In Memory of Dr. Bruce Demarest

On Wednesday, January 27, Denver Seminary learned that Senior Professor of Christian Theology and Spiritual Formation Dr. Bruce Demarest passed away.
Bruce was a part of the Denver Seminary community for more than 45 years
and will be dearly missed.

In 1975, Dr. Demarest was invited by Dr. Vernon Grounds to join the Seminary faculty in Systematic Theology. During the 1980s, he began to offer courses in formation and soul care, and soon a Certificate in Formation was developed, an M.A. in Christian Formation was created, and classes were added to the Seminary’s Doctor of Ministry track—Leadership in Community Spiritual Formation.

Dr. Demarest also served as adjunct professor of theology and spiritual formation at several colleges and seminaries in the U.S. and overseas. From 2003-2010, Bruce served as Resident Theologian of the TACT Group, a national research and ministry strategy group in spiritual formation, leading to publication of the book, The Kingdom  Life (NavPress, 2010). He wrote or co-authored fifteen books and numerous articles on theology and spiritual formation in dictionaries, encyclopedias, and scholarly journals.

Bruce was preceded in death by his wife Elsie in 2019, and is survived by their three children – Starr, Scott, and Sharon – and six grandchildren. He was an avid outdoor enthusiast who enjoyed hiking, canoeing, fly-fishing, and cross-country skiing.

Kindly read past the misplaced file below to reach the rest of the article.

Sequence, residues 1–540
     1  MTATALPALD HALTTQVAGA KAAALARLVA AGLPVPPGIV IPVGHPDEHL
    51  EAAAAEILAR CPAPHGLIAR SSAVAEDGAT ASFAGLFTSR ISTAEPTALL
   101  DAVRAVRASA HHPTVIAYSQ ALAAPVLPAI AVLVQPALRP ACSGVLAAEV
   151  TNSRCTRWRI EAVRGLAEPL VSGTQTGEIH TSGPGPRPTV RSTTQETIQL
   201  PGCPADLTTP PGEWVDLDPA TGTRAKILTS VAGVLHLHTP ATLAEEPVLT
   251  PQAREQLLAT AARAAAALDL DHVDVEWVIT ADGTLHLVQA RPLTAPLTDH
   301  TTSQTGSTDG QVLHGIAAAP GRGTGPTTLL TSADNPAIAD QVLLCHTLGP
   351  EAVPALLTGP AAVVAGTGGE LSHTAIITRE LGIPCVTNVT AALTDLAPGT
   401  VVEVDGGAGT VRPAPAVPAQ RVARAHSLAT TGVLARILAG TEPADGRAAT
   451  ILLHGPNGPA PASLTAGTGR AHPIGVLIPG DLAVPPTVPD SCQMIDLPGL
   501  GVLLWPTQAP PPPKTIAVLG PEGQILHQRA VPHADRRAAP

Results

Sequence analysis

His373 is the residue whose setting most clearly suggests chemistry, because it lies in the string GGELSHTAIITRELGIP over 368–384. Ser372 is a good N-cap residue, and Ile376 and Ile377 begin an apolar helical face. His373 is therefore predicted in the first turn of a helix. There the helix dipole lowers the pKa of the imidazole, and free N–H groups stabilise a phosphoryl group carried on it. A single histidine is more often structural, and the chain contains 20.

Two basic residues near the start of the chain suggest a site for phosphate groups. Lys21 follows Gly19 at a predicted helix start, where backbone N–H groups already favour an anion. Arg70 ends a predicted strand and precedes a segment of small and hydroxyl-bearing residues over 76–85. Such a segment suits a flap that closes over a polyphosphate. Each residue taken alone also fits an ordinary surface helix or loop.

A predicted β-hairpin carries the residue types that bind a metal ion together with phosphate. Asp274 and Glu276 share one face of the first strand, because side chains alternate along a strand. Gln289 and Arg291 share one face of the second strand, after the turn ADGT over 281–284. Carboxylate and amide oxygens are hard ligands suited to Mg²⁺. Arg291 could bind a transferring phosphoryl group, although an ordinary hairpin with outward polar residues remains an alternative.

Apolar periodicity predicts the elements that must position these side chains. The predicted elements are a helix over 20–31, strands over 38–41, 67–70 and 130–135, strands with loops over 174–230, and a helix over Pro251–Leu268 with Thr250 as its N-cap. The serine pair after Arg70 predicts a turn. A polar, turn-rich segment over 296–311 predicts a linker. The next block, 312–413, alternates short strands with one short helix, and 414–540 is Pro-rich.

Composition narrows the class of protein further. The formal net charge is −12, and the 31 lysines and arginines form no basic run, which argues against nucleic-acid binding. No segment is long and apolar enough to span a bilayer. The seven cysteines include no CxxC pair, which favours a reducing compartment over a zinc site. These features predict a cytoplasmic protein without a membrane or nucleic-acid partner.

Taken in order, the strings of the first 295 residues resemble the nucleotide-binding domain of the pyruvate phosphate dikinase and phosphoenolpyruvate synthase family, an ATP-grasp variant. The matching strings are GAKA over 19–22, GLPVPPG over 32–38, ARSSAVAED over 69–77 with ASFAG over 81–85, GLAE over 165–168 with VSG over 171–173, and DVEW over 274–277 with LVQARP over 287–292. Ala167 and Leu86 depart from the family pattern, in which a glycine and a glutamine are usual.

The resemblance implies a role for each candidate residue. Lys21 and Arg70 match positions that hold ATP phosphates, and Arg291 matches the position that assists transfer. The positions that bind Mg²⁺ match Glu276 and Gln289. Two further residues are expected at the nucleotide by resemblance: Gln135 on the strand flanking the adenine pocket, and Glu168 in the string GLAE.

If you would like to make a memorial gift to the The Dr. Bruce and Elsie Demarest Christian Formation Endowed Scholarship, click here

We are honored to share these tributes, written by colleagues and friends of Bruce.

If there were ever a person who deserved the compliment “gentleman and a scholar,” it was Bruce Demarest. Gracious, brilliant, and passionate, Dr. Demarest yearned to see all of us walk more closely with Jesus and experience the abundant life found only in Him. His influence on Denver Seminary is indelible and, for that, we are deeply grateful.

-Dr. Mark Young
Denver Seminary President 

Bruce was an instrument of many good gifts from God to and through the seminary. He rests in peace.

-Dr. W. Dave Buschart
Professor of Theology and Historical Studies

Oh how much I will miss him. 

-Rev. Dr. Jan McCormack
Associate Professor and Director of Chaplaincy and Pastoral Counseling Programs